Garnered from a rich body of secondary literature, this guide offers brief descriptions of more than 2,000 Central European Jewish communities that existed at the beginning of the 20th century, primarily in Germany, Austria, and Switzerland, but also in several surrounding countries. The entries, which are listed in a single alphabetical sequence, include “the essential historical facts” up to the Nazi period, i.e., the communal institutions, statistical data on demographic developments and professions, contemporary monuments, museums and memorials, as well as a detailed account of their destructions by the Nazis. The articles focus, as one would expect, on the 19th century and the Nazi period. Small illustrations and quotations that are typographically distinctive enliven the book’s appearance and enhance its readability. Each article concludes with a comprehensive up-to-date chronological list of sources (including not just specialized studies but also relevant sections of more general works). The lexicon concludes with a glossary and an alphabetical “overview of all the communities.” Unfortunately, there is no index that lists the locations under the name of the relevant German federal state. Another desideratum would be a bibliography of comprehensive sources, extending to the now numerous and relevant Internet sites.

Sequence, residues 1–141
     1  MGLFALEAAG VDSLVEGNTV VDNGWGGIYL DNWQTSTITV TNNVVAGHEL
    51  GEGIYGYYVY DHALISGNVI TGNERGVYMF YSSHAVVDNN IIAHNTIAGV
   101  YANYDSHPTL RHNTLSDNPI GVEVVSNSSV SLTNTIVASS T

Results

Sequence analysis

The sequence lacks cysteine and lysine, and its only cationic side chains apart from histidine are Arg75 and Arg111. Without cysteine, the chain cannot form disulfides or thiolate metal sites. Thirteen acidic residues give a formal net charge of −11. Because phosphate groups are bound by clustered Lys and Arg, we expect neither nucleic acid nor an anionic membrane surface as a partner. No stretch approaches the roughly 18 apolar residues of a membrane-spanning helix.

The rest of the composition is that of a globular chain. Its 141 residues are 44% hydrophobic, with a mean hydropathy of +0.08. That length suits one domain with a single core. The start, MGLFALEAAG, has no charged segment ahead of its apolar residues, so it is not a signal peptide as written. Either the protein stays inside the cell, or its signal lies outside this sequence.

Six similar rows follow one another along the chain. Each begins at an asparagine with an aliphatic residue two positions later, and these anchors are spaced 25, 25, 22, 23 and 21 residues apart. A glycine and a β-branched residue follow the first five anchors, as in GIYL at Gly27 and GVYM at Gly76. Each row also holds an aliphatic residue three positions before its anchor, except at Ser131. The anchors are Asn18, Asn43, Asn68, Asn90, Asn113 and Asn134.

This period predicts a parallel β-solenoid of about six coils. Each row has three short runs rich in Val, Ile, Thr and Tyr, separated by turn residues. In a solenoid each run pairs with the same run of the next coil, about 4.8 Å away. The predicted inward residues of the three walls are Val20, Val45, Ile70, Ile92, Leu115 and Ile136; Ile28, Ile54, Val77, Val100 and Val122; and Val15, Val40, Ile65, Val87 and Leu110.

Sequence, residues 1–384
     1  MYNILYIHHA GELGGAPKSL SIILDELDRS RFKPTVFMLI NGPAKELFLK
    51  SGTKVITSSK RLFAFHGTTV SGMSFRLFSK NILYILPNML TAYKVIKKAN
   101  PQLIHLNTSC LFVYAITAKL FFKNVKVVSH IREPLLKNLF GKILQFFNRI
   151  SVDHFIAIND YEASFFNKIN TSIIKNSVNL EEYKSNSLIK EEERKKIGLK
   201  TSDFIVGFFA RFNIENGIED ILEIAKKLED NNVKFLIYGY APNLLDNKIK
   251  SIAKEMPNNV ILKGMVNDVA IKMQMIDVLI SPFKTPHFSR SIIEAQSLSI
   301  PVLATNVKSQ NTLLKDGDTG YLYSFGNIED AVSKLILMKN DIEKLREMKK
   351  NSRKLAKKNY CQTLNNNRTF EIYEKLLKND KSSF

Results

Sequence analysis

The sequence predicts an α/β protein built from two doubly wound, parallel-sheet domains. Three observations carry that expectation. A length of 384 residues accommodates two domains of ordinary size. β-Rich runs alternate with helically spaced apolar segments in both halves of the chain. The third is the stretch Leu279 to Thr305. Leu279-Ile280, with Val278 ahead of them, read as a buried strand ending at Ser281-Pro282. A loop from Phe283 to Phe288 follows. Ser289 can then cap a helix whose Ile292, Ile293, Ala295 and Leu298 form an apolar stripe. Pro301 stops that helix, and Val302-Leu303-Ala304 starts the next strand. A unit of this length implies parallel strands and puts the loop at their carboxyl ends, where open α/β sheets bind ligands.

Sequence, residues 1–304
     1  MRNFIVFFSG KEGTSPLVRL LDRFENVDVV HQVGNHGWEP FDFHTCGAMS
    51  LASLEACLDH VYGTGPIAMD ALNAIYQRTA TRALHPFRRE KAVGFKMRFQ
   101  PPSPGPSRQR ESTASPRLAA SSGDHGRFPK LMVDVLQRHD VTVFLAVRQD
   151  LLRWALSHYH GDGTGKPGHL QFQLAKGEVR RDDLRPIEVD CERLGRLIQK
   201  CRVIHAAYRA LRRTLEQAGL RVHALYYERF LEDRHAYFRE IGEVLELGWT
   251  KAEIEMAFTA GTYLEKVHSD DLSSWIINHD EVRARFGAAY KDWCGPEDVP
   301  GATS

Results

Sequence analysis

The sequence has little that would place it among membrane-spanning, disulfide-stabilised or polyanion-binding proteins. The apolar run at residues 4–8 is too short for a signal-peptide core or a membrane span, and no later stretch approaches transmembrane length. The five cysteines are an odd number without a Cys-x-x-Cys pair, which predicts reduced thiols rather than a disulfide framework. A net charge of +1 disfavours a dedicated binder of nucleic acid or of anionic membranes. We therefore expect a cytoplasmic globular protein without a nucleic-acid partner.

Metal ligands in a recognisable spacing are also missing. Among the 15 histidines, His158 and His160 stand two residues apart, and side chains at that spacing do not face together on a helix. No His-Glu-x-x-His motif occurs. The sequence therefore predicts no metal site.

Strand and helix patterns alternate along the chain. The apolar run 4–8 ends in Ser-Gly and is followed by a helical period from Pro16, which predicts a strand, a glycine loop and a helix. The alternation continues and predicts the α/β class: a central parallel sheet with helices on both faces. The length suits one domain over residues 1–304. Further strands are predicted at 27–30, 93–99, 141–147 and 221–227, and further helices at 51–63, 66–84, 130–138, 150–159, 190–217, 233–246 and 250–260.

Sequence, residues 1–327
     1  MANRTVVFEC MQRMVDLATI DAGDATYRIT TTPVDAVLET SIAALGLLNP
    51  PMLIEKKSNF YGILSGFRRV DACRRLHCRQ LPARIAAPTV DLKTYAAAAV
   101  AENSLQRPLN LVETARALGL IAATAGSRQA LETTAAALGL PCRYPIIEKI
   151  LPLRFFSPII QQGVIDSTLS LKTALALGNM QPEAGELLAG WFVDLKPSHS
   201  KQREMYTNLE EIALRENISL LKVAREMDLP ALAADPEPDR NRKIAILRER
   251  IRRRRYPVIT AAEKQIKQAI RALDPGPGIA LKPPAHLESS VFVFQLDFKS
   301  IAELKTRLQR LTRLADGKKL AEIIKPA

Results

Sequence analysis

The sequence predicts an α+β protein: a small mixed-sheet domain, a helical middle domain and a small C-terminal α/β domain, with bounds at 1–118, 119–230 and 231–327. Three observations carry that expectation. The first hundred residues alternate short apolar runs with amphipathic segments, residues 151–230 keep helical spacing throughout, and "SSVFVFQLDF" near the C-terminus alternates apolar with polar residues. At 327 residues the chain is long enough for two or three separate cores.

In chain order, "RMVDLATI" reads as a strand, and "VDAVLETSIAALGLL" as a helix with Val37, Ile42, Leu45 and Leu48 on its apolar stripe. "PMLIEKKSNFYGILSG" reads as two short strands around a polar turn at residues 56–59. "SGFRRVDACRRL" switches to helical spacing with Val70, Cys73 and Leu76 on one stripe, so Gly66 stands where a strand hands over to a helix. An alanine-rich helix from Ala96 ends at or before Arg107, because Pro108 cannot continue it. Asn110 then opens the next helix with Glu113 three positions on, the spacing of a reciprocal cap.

Although a compilation of already published material, the breadth and comprehensiveness of its coverage make this work is a must-have for libraries with any serious interest in German-Jewish history. There is simply nothing else like it. Even after 100 years, Germania Judaica (see RREO 95-3-375 for a review of volume 3) has not yet been extended into the modern era; and although there are specialized regional works, there are many areas of German-speaking Europe that they do not yet address. [sh/sl]

Gedenkbuch der jüdischen Bürger Bambergs: Opfer des nationalsozialistischen Terrors 1933-1945 [Memorial Book for the Jewish Citizens of Bamberg: Victims of the National Socialist Terror, 1933-1945]. Ed. Antje Yael Deusel and Ortwin Beisbart for the Verein zur Förderung der Jüdischen Geschichte und Kultur Bambergs e.V. Bamberg: Weiß, 2008. 467 p. ill. 25 cm. ISBN 978-3-940821-10-2: EUR 19.80 [08-1/2-126]

This memorial book provides detailed biographical information about Jewish citizens of the city of Bamberg who were executed by the Nazi regime or who committed suicide to avoid persecution. It purposely excludes Jewish citizens whose timely emigration enabled them to escape the Holocaust. Other inclusion criteria were residency in Bamberg between 1933 and 1945, birth and maturation in Bamberg but death elsewhere, or temporary residency in Bamberg before 1933.

On the basis of previously published memorial books for Nuremberg (1998) and Munich (2003), as well as primary materials and secondary literature, the city archives of Bamberg, and Internet sources, the editors identified 416 persons for inclusion, 215 with photographs. The book also incorporates a list of relatives who, because of the specific inclusion criteria, did not merit a separate article. In addition to the inclusion criteria and a list of references, the appendix provides a collection of written remembrances and memorial accounts, short commentaries on the National Socialist measures against Jewish citizens, and a glossary with commentary. [sh/jb]